Dating back to Louis XIV, the Versailles pattern is fairly complicated, but it looks cool. We recommend you use this floor pattern (named after the French palace, Versailles) in smaller areas, like a foyer, where it can have more visual impact and won’t get covered by furniture or rugs.

Consisting of squares traditionally three feet square and bordered by straight planks arranged on a diagonal against those squares, the Versailles pattern looks a little like a quilt. It is a bit complex but is worth the effort. This pattern definitely needs to be laid out before you begin cutting the boards.

Basket Weave

Similar to the Versailles pattern, only smaller, a basket weave pattern consists of the same squares interspersed with longer, straight planks, only on a smaller scale. Unlike the Versailles pattern, basket weave works on larger sections of the floor because it’s smaller. It can be partially covered with a rug yet remain visible.

Like some of the more complicated patterns discussed here, you should plan out a basket weave pattern ahead of time to ensure that the lengths and squares are cut correctly and that the whole floor looks evenly designed. Definitely take your time with this one.

Mixed Widths

Just as the name implies, a mixed width floor is made up of floorboards that are different widths, placed next to one another. You can even use different wood colors to make the widths stand out a bit more on the floor. When it’s done correctly, a mixed width floor is visually stunning.

Installing a mixed width floor can be a bit tricky, especially since you’re dealing with different wood sizes. It makes sense to stick with two different widths and alternate them to make it easier, but if you’re up for a challenge, you can treat the entire floor like it’s a puzzle and piece it all together.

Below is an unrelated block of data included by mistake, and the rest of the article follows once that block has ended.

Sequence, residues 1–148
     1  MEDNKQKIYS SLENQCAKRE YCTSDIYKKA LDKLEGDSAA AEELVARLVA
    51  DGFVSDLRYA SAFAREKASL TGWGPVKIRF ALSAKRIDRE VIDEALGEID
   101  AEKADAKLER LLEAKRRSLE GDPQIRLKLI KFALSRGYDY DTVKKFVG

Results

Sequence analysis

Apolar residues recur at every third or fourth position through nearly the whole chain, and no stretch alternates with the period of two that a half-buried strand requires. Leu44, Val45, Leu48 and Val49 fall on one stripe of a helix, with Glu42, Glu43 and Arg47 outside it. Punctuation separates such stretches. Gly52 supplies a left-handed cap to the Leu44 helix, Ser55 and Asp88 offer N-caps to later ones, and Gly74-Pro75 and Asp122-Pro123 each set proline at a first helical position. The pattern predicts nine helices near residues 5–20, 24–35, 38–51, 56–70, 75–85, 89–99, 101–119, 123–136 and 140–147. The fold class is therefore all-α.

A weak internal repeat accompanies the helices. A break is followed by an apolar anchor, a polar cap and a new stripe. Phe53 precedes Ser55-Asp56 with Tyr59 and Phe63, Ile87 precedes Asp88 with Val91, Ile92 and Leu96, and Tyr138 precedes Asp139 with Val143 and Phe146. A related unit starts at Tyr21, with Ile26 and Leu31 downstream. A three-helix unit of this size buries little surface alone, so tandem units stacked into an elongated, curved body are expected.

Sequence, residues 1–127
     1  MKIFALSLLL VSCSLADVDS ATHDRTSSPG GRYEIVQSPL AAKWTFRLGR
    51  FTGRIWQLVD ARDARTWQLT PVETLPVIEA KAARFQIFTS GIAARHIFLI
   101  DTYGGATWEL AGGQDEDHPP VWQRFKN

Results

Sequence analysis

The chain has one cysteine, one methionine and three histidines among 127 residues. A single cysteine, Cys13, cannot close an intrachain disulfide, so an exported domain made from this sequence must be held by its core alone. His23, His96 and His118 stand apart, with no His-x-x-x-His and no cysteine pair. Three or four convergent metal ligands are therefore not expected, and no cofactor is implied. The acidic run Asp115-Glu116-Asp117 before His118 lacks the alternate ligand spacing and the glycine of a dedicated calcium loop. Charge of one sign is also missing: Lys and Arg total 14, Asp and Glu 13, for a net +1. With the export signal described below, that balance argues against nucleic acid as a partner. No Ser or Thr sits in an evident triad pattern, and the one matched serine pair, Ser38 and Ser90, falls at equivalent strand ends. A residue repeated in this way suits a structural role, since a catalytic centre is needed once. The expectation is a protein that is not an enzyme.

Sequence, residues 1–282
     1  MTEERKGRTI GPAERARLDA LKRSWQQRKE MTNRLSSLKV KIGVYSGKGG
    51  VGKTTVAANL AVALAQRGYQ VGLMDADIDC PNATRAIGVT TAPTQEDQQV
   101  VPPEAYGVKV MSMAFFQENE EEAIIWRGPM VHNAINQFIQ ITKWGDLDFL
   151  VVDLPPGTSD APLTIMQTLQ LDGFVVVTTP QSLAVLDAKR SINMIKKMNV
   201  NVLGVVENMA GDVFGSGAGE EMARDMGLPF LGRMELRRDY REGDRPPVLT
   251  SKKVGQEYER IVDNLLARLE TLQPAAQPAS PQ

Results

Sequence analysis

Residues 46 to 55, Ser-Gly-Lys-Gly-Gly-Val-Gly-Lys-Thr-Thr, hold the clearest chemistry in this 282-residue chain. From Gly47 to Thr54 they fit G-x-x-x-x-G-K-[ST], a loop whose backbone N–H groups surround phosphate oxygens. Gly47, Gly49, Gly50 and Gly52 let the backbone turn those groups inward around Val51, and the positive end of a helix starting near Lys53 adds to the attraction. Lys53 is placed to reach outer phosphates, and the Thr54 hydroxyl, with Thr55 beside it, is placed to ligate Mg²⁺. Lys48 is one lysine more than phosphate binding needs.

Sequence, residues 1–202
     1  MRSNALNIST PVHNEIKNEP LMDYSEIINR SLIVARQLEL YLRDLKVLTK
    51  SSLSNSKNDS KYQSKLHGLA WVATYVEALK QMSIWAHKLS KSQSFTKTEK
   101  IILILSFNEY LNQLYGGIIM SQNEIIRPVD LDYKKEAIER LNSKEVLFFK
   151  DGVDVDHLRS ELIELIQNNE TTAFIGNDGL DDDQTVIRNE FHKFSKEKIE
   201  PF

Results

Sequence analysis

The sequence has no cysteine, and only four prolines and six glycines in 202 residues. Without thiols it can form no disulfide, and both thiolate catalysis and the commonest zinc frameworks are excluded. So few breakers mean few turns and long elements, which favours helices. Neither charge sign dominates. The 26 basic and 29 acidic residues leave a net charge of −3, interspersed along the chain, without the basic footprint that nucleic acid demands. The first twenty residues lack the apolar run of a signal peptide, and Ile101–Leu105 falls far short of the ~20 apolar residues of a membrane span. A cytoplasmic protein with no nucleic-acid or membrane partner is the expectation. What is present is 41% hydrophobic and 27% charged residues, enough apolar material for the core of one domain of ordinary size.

Now, what rooms work best for this type of pattern? Just about all of them. It all comes down to how much time you want to spend arranging the floorboards.

Wood Inlays

Now, for a complicated floor pattern, there’s a wood inlay. These inlays take up a small section of a hardwood floor and are often designated by thin wood borders. Within the inlaid area, which is usually rectangular, you can choose to use another material, such as ceramic or porcelain tile, or even smaller pieces of wood to develop a cool pattern.

Just make sure that the pattern fits within the designated borders and consists of colors that contrast with the existing hardwood floor so that they stand out, and you can do any kind of design that you want. A wood inlay is meant to be striking, so put it somewhere you can show it off, like your entryway, foyer, or mudroom.

Choosing a Pattern

With so many different patterns to choose from, the hardest part will be making that decision. While you could technically put a differently patterned floor in every room, this can look overwhelming, so it’s better to pick one or two and stick with them. Also, when trying to pick the best pattern of floor for the space, keep the size of the room in mind. 

Some of these complicated patterns can be a bit much to install when placed in a larger room, so a smaller space will be perfect.

Installing Your Floor

Installing your floor from Hardwood Bargains is instantly made more fun when you choose to lay out the boards in a pattern. With so many to pick from, you need to make a decision and then plan out your floor using chalk lines and other tools to ensure it’s done right. 

Whether you want to use several different types of wood or just one, a patterned floor will stand out amongst the others in your home, providing some excellent visual appeal. After all, hardwood floors look great on their own. So, imagine how much nicer they’ll look when those planks are arranged in a beautifully unique pattern. 


How to Stagger Wood Floor Planks | SF Gate

Wood Floor Patterns | Design Idea

How to Install Prefinished Solid-Hardwood Flooring | DIY Network